Study: Asbestos deaths in Allegheny County, Pa. much higher than national average
July 6, 2015 12:00 AM
Charly TriballeauAFP/Getty Images
Allegheny County had an average of about 107 asbestos-related deaths a year for the 15 years studied, the highest of any county in the state.
By Don Hopey / Pittsburgh Post-Gazette
Asbestos continues to kill residents of Allegheny County and Pennsylvania at rates much higher than the national average and in greater numbers nationally than previously thought, according to a new report by the Environmental Working Group Action Fund.
The report found that an estimated 14,216 people died from asbestos-related diseases from 1999 to 2013 in Pennsylvania, and the state is one of six — along with Maine, West Virginia, Virginia, Delaware and Montana — that have asbestos-related death rates 50 to 100 percent above the national average.
Allegheny County had an average of about 107 asbestos-related deaths a year for the 15 years studied, the highest of any county in the state. And 28 of the state’s 67 counties have death rates for asbestos four to 13 times the national average, the study found.
“The death rates are high in areas of the country where people were exposed in industries that used asbestos,” said Sonya Lunder, senior analyst for Environmental Working Group, a nonprofit public health advocacy organization. “That includes Montana, where it was mined; in Utah, where it’s naturally occurring in rocks; in shipyards, ship-building ports, the building trades and the steel industry.”
Maps released with last week’s report show higher mortality rates throughout the Northeast shipbuilding regions, mid-Atlantic “Rust Belt” and around defense industry sites.
“We are the largest industrial area in an industrial state, so it’s not a great surprise that we have the largest number of deaths from asbestosis and lung cancer,” said Luann Brink, an epidemiologist with the Allegheny County Health Department. “But you need to remember that the deaths are caused by asbestos exposure 20, even 40 years ago and don’t reflect current, much more limited exposure.”
Ms. Brink said the Health Department regulates public asbestos exposure through its Asbestos Abatement Program, a permitting and inspection program that seeks to contain airborne asbestos during removal and building demolitions.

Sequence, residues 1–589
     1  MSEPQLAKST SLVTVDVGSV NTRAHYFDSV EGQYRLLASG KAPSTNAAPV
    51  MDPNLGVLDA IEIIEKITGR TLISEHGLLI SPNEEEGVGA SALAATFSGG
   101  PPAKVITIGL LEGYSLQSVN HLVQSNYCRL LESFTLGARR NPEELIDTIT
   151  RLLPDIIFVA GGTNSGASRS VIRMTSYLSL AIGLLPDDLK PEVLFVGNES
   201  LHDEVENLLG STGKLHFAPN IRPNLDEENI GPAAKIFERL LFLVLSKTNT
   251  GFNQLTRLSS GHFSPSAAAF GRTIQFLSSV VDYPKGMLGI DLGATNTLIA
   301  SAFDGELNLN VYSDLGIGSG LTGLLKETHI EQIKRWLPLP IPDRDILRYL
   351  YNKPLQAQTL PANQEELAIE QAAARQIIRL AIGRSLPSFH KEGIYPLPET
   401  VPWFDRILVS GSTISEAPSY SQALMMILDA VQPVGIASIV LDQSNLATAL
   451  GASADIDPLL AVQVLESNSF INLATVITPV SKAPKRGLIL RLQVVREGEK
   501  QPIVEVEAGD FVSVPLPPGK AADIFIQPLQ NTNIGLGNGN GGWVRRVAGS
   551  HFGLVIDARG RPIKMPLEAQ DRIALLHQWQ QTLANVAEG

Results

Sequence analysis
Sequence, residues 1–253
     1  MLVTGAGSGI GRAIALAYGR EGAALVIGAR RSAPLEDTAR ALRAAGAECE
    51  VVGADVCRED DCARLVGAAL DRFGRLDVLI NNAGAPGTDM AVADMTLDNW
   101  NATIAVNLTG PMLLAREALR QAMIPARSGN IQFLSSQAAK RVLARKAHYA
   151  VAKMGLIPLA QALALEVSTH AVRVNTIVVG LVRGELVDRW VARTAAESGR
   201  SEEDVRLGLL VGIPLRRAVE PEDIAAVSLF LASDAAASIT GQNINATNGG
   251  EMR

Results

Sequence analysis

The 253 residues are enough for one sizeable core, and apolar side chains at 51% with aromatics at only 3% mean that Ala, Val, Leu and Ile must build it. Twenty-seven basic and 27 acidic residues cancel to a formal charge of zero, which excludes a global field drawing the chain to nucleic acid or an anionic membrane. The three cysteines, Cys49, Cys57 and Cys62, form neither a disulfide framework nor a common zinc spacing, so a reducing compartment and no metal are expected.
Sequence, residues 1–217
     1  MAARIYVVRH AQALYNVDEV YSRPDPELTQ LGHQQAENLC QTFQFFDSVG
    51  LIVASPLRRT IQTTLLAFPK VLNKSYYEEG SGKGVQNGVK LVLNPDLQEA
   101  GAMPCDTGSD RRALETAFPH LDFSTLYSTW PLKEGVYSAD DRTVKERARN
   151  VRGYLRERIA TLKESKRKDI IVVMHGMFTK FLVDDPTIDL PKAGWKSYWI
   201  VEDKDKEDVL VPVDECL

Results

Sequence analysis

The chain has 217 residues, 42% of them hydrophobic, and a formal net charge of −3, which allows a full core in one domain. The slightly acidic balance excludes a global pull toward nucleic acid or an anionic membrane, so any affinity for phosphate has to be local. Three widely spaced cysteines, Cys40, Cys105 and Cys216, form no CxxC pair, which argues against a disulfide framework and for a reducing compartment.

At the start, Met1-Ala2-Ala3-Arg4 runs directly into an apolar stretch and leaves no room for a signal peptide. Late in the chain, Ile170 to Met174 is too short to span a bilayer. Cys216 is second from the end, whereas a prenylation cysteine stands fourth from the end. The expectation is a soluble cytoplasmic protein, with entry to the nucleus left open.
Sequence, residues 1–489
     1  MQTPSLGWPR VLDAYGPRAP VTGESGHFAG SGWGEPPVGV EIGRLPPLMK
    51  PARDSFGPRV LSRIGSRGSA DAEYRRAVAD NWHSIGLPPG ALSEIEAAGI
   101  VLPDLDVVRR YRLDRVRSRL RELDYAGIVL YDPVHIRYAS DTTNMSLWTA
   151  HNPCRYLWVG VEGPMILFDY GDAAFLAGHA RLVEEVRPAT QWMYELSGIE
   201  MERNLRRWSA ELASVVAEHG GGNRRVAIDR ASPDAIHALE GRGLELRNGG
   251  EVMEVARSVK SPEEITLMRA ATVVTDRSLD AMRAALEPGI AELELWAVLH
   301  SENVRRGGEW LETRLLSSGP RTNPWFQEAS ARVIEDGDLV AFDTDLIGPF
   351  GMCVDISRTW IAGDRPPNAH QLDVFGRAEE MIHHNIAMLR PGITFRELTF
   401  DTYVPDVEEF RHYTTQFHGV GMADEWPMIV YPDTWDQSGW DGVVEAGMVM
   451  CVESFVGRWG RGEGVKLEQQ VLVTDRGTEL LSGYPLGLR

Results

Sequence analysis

Asbestos, a naturally occurring mineral, was once extensively used as insulation, a variety of flame retardant building materials, a cement additive, and, ironically, cigarette filters. Homes and buildings built before 1980 almost all contain asbestos building materials, including roofing shingles, insulation, tile and wiring. It is classified as a hazardous air pollutant by the U.S. Environmental Protection Agency.
Prolonged exposure and inhalation of airborne asbestos fibers, especially worker exposure, can cause asbestosis, a serious and often fatal respiratory disease, lung cancers, and mesothelioma, a rare cancer that occurs in the lungs, abdomen and around the heart, and is almost always related to asbestos exposure. According to the National Institute for Occupational Safety and Health, plumbers, pipe fitters, steam fitters, electricians and construction workers are the most vulnerable to asbestos-related diseases.
But it often takes 20, 30 or even 50 years for the diseases to kill, earning asbestos the title of “the hidden killer.” Wives and children of those workers who were exposed to asbestos fibers on their work clothes also are at increased risk.
The mortality estimates in the study are about 20 percent to 50 percent higher than previous estimates. The study was the first to use death records from the federal Centers for Disease Control and Prevention and a mortality projection formula developed by researchers at the International Agency for Research on Cancer.
Another Environmental Working Group report in May found that 12,000 to 15,000 Americans die each year due to asbestos-related diseases and lung cancers, higher than previous CDC estimates of 10,000 a year.
Asbestos is banned in more than 50 countries, but not in the U.S., where efforts to do so failed in 1989. And while it is no longer manufactured in the U.S., it is imported and still used in a variety of construction materials, vehicle brake pads and roof shingles, though the amount of asbestos in the products is limited.
The report was issued as Congress considers two bills, one that will put roadblocks and additional paperwork burdens on those with asbestos-related diseases and cancers who seek compensation from trust funds established by industry to avoid litigation, said Alex Formuzis, a spokesman for the Environmental Working Group.
He said the Furthering Asbestos Claim Transparency Act, backed by companies that used asbestos or have liabilities related to its use, would require disclosure of personal medical information by victims of asbestos exposure and increase processing and reporting costs.
“It would run out the clock on dying asbestos victims before they can receive compensation for their health problems,” Mr. Formuzis said.
The other bill, the Reducing Exposure to Asbestos Database Act, would require the EPA to create an online database listing products containing asbestos and where the public might be exposed to them.
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